In the next room Anfam shifts the focus to black and white, and includes work by Kline, Newman, and Motherwell (a 1970 “Elegy to the Spanish Republic” that is particularly strong). Here, the point is to count the use of a limited palette as one of the major achievements of the Abstract Expressionists, and that very different painters explored it in very different ways. In another room, Anfam hangs a large, mostly pink and dark red Krasner (“Another Storm,” 1963) kitty corner from an expansive 1985 triptych by de Kooning. Not only did both make paintings long after Abstract Expressionism had been eclipsed in the minds of many by Minimalism and Pop Art, but they continued to experiment, change, and even fail. Krasner’s painting, it should be noted, is significantly larger than the five small works by her husband, Jackson Pollock.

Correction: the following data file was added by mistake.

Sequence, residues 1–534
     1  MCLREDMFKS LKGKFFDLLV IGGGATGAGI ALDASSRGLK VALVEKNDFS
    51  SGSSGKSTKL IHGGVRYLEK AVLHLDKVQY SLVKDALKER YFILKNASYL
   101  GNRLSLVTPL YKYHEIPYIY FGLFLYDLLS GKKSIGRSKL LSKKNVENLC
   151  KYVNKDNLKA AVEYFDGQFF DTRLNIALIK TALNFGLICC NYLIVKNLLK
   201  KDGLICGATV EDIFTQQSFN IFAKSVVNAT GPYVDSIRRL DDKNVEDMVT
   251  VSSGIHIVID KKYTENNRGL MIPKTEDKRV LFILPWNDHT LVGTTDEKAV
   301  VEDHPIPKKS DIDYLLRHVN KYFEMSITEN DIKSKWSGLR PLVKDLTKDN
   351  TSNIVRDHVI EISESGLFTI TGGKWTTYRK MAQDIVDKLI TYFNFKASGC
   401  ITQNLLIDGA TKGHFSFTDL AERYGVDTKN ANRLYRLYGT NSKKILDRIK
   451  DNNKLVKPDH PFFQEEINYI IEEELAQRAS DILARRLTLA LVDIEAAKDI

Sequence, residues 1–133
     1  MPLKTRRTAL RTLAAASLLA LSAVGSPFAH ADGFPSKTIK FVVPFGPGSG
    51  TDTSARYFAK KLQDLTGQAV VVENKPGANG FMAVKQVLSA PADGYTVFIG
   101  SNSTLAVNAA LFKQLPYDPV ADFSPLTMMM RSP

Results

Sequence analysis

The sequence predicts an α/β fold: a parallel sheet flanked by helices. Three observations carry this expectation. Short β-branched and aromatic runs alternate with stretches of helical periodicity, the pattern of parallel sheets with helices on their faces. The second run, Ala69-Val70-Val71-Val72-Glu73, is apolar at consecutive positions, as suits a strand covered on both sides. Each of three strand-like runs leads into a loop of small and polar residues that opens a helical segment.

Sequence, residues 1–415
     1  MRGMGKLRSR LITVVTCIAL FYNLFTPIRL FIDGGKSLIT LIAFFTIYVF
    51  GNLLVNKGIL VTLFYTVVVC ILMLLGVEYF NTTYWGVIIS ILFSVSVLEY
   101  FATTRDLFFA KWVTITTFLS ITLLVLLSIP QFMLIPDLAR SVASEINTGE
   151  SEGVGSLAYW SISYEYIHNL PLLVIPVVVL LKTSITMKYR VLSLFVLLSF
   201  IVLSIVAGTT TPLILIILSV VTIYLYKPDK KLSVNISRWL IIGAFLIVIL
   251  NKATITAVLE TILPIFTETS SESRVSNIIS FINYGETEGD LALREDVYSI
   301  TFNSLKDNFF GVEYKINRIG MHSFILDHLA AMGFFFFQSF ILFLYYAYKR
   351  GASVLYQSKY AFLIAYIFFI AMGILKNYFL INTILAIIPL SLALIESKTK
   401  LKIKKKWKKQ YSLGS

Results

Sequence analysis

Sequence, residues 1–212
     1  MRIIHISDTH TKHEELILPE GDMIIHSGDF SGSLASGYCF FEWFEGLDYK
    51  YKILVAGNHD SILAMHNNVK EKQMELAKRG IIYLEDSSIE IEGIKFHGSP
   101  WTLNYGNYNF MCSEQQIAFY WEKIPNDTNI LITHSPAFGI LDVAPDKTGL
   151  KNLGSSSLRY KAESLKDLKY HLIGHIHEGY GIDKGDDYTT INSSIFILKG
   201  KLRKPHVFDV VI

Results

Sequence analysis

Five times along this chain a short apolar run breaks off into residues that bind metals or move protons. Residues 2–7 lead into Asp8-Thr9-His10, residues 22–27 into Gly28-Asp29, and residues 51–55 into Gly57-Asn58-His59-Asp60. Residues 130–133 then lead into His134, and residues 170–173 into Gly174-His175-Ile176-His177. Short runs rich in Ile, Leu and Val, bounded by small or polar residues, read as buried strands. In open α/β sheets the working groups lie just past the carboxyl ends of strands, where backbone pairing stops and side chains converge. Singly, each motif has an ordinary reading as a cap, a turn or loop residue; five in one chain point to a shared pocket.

In the halls between the interior walls (which form the large gallery spaces) and the windows (it is an office building, after all), one encounters small works by Lewis, Seliger, and Tobey, and a large late painting by Richard Pousette-Dart. Unable to step back from the Pousette-Dart due to the narrowness of the hall, I became much more conscious of his thick, pointillist-like dabs of paint, a road that none of his peers went down. In fact, the variousness of paint application throughout the show suggests that any codified reading of the styles we associate with Abstract Expressionism misses the point. Cicely Brown has been viewed as an heir to Abstract Expressionism because of her wide, brushy strokes, but the comparison is faulty—her approach is a generic gloss of the painters associated with this tendency, not a reinvestigation. Which brings me to another point: the hanging of the exhibition in less than ideal circumstances (and where are ideal conditions to be found, I wonder—certainly not at MoMA or the Guggenheim) compels us to constantly readjust our focus, zero in, and stand back. It is good to be physically reminded that looking at an exhibition isn’t supposed to be the same as peering at a landscape from a moving car while someone else does the driving; it requires constant engagement and attention.